LOS ANGELES (Reuters) - Hollywood’s A-list turns out on Sunday for the Screen Actors Guild Awards, honoring 2010 film and television performances just one month before the Oscars.
Britain’s Colin Firth, seen as a front-runner for his role as a stammering monarch in “The King’s Speech,” and nominees Annette Bening, Natalie Portman, Amy Adams, Nicole Kidman and Jeff Bridges are among those expected at the Los Angeles ceremony.
Some 120,000 actors in the U.S. film and TV industry pick the Screen Actors Guild winners, who are seen as top contenders at the February 27 Oscars because actors make up the largest voting group among members of the Academy of Motion Picture Arts and Sciences.
The guild does not hand out prizes for best movie. But its top prize of best cast ensemble should narrow down a close race for the movie industry’s highest honors between Facebook movie and Golden Globe winner “The Social Network,” and “The King’s Speech,” which has a leading 12 Oscar nominations.
Ballet thriller “Black Swan,” boxing drama “The Fighter” and lesbian family movie “The Kids Are All Right” are also competing for SAG’s best cast trophy.
SAG best actress nominee Portman, 29, who plays an unhinged ballerina in “Black Swan,” is thought to be neck and neck with Bening for her performance as a lesbian mom whose partner cheats on her with a man. Both took home Golden Globes this month.
Firth has swept the Hollywood awards season so far and earned an Oscar nomination for his role as shy King George VI — the father of current British monarch Queen Elizabeth — who fought to overcome an embarrassing stutter in the 1930s.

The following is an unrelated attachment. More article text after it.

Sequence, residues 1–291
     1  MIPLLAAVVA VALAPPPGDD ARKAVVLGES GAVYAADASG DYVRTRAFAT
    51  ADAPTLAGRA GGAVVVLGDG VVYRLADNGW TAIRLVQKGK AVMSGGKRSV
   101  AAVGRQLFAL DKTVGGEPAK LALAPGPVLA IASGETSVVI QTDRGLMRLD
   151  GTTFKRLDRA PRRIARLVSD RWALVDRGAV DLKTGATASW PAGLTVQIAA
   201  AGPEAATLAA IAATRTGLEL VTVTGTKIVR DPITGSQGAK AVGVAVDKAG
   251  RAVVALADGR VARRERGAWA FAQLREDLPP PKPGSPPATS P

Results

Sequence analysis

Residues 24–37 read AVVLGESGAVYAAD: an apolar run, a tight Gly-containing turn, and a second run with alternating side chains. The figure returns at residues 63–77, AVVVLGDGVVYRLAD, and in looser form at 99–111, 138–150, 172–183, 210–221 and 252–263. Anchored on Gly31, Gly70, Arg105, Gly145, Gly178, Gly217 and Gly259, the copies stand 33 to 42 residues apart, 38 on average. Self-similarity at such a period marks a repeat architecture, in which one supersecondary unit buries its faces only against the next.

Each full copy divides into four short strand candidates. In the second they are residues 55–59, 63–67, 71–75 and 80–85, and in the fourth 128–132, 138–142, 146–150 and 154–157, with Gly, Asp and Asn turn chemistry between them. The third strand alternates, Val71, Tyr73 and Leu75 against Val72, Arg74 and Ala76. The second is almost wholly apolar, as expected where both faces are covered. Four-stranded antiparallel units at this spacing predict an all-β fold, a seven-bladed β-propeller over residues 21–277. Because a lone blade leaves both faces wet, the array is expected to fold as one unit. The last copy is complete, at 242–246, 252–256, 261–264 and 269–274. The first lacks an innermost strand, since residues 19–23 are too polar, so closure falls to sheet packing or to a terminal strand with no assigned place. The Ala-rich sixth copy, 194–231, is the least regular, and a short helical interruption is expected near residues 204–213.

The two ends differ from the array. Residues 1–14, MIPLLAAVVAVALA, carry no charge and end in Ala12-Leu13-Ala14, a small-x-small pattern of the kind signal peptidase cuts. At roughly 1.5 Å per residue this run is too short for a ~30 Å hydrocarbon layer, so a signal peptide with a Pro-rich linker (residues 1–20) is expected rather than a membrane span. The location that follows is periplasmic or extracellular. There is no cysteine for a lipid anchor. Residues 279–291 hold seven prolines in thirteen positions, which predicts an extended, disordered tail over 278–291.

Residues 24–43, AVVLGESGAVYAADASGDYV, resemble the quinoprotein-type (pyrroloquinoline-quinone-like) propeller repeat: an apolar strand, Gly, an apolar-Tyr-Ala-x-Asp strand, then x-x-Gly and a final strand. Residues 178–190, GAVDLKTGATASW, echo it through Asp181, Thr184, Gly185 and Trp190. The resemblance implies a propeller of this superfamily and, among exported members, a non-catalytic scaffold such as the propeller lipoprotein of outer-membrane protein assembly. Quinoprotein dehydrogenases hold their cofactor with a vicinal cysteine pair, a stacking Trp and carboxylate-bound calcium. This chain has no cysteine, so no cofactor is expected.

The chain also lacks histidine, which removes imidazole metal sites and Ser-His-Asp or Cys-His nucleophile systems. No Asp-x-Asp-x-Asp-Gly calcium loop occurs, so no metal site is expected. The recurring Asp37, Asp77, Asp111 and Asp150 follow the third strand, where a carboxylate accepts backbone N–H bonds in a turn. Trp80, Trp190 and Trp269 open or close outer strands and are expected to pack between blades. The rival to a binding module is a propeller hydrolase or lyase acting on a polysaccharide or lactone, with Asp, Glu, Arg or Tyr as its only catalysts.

Jesse Eisenberg, who portrays Facebook creator Mark Zuckerberg in “The Social Network,” is also nominated best actor at SAG, along with 2010 Oscar winner Jeff Bridges for western “True Grit,” James Franco for “127 Hours” and veteran Robert Duvall for the independent film “Get Low.”
Firth’s co-stars Helena Bonham Carter and Geoffrey Rush are nominated in supporting categories, along with three of the cast of “The Fighter” — Melissa Leo, Amy Adams and Christian Bale.
The guild also honors performances in television. This year the cast of musical series “Glee” will defend its 2010 award for best TV comedy cast, while stylish advertising drama “Mad Men” must fend off a challenge from HBO’s lavish new Prohibition-era series “Boardwalk Empire.”
Best individual TV nominees include Michael C. Hall (“Dexter”), Steve Buscemi (“Boardwalk Empire”), Julianna Margulies (“The Good Wife”), Steve Carell (“The Office”), Betty White (“Hot in Cleveland”), Chris Colfer (“Glee”), and Tina Fey (“30 Rock”).
Editing by Xavier Briand